Usually, buying and trading stocks using the Robinhood is pretty straightforward. In fact, that’s a big part of why the investment platform has become so popular and ushered in a whole new crowd of retail investors. No commission fees, no minimum deposit, and you can do it all right on your phone? It almost sounds too good to be true.
Well, we’re not saying that it is too good to be true, but there are definitely some issues that Robinhood investors sometimes run into that make using the platform rather frustrating. Namely, some stocks are not supported (or they switch from being supported at one moment to unsupported in the next). What’s up with that?
Why are some stocks not supported on Robinhood?
There are actually a few reasons why a stock may not be supported on Robinhood. First and foremost, Robinhood only trades U.S. stock, so any and all foreign securities will be unsupported within the app as a rule.
But what if you’ve already purchased the stock using Robinhood (or know it was definitely purchasable at one point) and are now seeing the “this stock is not supported” message? Well, that’s where things get a bit more complicated. It could be a bug within the app (so it’s a good idea to do a quick refresh and make sure you’re using the most up-to-date version just to be safe), but most likely, something else is going on.
Robinhood will list stocks as being unsupported or untradeable if the exchange itself has paused trading, or if the stock was delisted from major exchanges and trades in the OTC market. Stocks are also unsupported during corporate actions such as mergers and stock splits. If you’re trying to trade stock on the platform and notice it’s not supported, a quick internet search should give you some insight into what’s going on.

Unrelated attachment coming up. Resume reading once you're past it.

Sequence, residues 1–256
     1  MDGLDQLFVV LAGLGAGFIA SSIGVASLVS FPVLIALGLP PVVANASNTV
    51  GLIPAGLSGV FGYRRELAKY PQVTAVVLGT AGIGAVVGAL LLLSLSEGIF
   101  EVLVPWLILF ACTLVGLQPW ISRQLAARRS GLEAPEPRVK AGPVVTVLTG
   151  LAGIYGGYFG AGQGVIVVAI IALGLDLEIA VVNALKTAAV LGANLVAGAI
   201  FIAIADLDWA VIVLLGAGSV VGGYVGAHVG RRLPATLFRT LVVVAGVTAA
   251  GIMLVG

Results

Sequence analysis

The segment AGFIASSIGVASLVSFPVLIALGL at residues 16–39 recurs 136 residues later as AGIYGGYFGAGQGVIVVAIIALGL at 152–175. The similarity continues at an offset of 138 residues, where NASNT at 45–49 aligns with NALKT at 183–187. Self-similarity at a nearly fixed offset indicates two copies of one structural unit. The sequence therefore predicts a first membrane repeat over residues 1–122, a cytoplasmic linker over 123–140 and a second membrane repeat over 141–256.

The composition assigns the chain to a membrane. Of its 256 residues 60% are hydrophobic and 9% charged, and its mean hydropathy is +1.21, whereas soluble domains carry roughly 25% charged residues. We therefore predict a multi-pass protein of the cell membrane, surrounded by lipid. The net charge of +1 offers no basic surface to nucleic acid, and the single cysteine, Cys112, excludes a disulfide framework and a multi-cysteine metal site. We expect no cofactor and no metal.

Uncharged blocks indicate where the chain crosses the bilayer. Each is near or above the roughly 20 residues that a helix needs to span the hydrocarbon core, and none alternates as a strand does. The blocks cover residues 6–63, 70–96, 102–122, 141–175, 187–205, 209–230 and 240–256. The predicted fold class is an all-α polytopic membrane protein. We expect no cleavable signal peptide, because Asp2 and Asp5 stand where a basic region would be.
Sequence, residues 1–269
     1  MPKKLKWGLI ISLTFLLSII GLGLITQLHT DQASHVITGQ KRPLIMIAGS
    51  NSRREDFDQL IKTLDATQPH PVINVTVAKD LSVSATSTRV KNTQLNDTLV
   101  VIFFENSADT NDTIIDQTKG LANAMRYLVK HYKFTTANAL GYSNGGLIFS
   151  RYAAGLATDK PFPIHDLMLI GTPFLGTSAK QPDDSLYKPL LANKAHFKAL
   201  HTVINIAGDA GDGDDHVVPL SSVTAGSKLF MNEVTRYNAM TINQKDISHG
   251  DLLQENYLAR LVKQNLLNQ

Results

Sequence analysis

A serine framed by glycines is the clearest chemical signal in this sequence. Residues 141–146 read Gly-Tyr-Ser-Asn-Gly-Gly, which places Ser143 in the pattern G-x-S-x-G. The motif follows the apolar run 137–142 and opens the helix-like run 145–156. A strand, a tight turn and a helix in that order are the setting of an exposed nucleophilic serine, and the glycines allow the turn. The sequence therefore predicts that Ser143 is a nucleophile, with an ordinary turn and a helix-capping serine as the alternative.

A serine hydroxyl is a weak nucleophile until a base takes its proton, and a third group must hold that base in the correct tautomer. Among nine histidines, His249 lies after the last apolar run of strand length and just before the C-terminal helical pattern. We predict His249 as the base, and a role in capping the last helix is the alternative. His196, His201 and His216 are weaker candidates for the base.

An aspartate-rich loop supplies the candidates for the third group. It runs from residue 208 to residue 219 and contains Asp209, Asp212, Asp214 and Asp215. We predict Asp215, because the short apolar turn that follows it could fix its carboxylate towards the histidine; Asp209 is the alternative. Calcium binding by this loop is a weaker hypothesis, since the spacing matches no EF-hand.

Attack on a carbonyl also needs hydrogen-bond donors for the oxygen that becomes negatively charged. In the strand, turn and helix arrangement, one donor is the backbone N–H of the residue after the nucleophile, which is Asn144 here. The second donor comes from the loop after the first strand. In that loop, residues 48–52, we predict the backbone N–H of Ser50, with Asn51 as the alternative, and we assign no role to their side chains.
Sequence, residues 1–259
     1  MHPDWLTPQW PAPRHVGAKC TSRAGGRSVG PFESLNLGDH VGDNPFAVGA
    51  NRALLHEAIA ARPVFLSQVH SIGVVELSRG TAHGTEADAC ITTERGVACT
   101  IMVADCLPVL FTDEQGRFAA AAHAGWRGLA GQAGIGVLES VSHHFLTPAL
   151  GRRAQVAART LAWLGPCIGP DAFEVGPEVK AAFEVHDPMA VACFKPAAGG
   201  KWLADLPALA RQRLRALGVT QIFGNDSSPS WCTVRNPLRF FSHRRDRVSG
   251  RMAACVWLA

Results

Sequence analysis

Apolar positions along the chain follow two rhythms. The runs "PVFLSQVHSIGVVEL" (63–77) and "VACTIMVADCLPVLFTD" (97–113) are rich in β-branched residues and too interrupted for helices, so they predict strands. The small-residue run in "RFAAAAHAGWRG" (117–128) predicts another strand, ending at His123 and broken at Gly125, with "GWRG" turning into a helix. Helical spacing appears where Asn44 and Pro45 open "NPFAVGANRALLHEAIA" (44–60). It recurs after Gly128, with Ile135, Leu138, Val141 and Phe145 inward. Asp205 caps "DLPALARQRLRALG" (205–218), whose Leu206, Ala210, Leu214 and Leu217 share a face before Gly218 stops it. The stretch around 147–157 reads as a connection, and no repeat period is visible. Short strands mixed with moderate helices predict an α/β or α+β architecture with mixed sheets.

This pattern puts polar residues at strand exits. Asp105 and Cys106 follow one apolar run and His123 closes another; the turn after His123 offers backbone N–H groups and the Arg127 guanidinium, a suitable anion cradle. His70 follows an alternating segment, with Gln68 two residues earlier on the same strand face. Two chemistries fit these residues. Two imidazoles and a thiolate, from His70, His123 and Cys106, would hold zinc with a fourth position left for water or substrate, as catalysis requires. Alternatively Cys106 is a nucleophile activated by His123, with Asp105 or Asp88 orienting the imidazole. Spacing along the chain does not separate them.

In light of the WallStreetBets controversy, Robinhood started restricting transactions of certain stocks.
Currently, Robinhood is attempting to navigate the fallout from the still ongoing WallStreetBets controversy and has elected to restrict transactions for securities such as GameStop (NYSE: GME) and AMC Entertainment (AMC). As you can imagine, people are not thrilled with this move.
In a statement released on Jan. 28, 2021, Robinhood said that they “continuously monitor the markets and make changes where necessary,” and that the restrictions were made in light of the recent volatility in the market. As a result, Robinhood users who had previously purchased stock in GameStop, AMC Entertainment, Blackberry, and a handful of other companies have since found that those securities can no longer be purchased (although users can still close out positions).
People have started to call out Robinhood’s perceived hypocrisy. Indeed, the restrictions are definitely more of a Sherriff of Nottingham move for a platform that was ostensibly created with the intention of granting everyone equal access to trading. There has even already been talk of pursuing legal action against Robinhood as a result of the restrictions. It’ll certainly be interesting to see how everything shakes out. In the meantime, we’ll be doing a lot of watching and waiting.